Are you interested in drugs? It's a bizarre question isn't it? Most of us, to some degree or another, are indeed interested in the subject of drugs, but it's still very much a taboo.
Drugs evoke a near visceral reaction within us. It's NSFW - a hushed word, usually mouthed with some elderly theatrics in polite society. The issue is fraught with tension, mixed messages, and a great deal of intrigue.
How do we go about marketing for a change in attitude - preparing the ground so that reasoned and evidence based policies are formed? As the world looked towards the United Nations General Assembly Special Session on Drugs (UNGASS) it's never been more important to discuss the issue with friends, family, and those who just do not care.
We can often preach to the converted in reform circles.
We could argue that the debate has been won and drug law reform is the eminent conclusion to our problems. There's really not much (if any) evidence to support the continuation of prohibition and the criminalisation of drug consumers, and yet we are anchored to an approach that is leaving millions of lives in ruins - not because of the drugs themselves, but simply through the wrong policy. So how do we go about this? How do we bring about that final battle for change?
I was recently left humbled by the reaction that I personally received after appearing on spoken-word artist and rapper Scroobius Pip's podcast. Pip has had A-list stars on his Distraction Pieces podcast and has attracted over a million downloads in 2016 alone. Pip realised that there are many societal issues that could benefit from such vast exposure. On his podcast, hosted by Acast, Pip has taken on issues such as Housing for Women, British Red Cross, and of course drugs. After I appeared on his show, I received a great many messages of support for the issue, and most heartening of all, many, many new voices to the issue. We also did a LEAP UK special.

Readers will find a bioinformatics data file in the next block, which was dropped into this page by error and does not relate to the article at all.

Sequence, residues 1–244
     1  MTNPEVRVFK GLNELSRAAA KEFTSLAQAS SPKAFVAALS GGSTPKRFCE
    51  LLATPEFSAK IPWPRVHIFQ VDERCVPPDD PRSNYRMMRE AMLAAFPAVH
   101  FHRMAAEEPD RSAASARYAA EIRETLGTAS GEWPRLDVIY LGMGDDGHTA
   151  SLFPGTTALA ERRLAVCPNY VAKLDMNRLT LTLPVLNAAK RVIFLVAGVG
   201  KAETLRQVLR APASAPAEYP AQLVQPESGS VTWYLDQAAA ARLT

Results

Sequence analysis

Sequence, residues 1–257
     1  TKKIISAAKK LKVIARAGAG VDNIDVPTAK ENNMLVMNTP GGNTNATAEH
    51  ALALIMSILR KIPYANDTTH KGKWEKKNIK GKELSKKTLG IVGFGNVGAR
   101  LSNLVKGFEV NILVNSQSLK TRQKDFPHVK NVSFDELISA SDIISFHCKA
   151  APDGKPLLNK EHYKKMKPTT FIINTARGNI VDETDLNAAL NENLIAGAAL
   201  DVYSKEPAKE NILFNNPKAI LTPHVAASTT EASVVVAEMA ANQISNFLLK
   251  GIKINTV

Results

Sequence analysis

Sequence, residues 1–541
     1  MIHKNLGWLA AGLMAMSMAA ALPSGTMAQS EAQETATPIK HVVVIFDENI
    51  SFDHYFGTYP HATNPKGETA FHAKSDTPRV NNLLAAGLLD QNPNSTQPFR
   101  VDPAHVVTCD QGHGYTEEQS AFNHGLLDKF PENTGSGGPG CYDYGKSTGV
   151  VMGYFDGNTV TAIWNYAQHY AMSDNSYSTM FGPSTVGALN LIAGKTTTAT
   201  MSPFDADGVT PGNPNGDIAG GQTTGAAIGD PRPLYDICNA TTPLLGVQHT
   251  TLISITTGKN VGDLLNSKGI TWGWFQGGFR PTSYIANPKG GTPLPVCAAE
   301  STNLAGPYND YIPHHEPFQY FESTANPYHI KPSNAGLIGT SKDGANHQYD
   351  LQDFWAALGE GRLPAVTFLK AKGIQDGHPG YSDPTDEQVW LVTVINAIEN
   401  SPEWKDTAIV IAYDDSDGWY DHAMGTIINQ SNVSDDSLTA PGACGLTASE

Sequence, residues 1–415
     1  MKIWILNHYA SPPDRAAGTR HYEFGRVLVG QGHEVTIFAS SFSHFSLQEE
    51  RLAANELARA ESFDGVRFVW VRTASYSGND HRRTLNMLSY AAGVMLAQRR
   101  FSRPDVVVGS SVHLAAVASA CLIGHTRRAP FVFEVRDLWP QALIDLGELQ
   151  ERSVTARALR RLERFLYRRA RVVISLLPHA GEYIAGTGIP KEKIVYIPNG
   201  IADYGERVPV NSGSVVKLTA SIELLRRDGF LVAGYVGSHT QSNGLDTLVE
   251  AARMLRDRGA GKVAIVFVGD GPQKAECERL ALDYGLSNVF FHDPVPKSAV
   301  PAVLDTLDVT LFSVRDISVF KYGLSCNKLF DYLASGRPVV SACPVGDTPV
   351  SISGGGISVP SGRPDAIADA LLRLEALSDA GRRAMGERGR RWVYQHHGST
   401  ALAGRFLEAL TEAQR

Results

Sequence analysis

Such was the reaction that Pip and I have now forged a new podcast dedicated to drug policy.
Having worked on many projects, from organisations, writing outlets, films, I've seen just how inspired members of the public can be when faced with the cold realities of 'the drug war'. As soon as the realism of the issue is addressed - over the conceptual political soundbites - we begin the process of communal conversation. And this is what it's all about: we have to talk our way into reform.
Hosting the first live show at Tottenham Court Road Waterstones on the 26th of April, the new drug policy podcast under Scroobius Pip's Distraction Pieces network, we aim to have the conversations that all of us in drug policy have behind closed doors. Honesty is always the best policy, and this is what we aim to do. We want a no BS policy, an off the record chat which will firmly go on the record! This is a peak behind the curtain.
Stop and Search is the name of this new podcast (in association with LEAP UK).
Our first show will see broadcaster and comedian Robin Ince, The Guardian science blogger Dr Suzi Gage, and Simon Oxenham (better known as the science journalist Nuerobonkers) all sitting and having a chat on science and its interaction within drug policy.
We're looking to address all the dark corners of drug policy over the coming months, allowing organisations, journalists, politicians and public figures to have a collective chinwag.
Scroobius Pip told me that, "Podcasts work. It's all about the global conversation, unfiltered, and on the real issues that we're all engaged with - whether we know it or not. The new 'Stop and Search' podcast from the LEAP UK team is an example of this. Drug policy is one of those issues that we all need to talk about if we're serious about our collective and societal wellbeing."
So please do join us and get involved.
We're reaching a point where all hands are needed on deck to lift this weighty anchor of prohibition, and to set sails of the seas of reform... stretched metaphors and analogies are optional!
Jason Reed is the Executive Director of LEAP UK.
This post was first published on VolteFace.me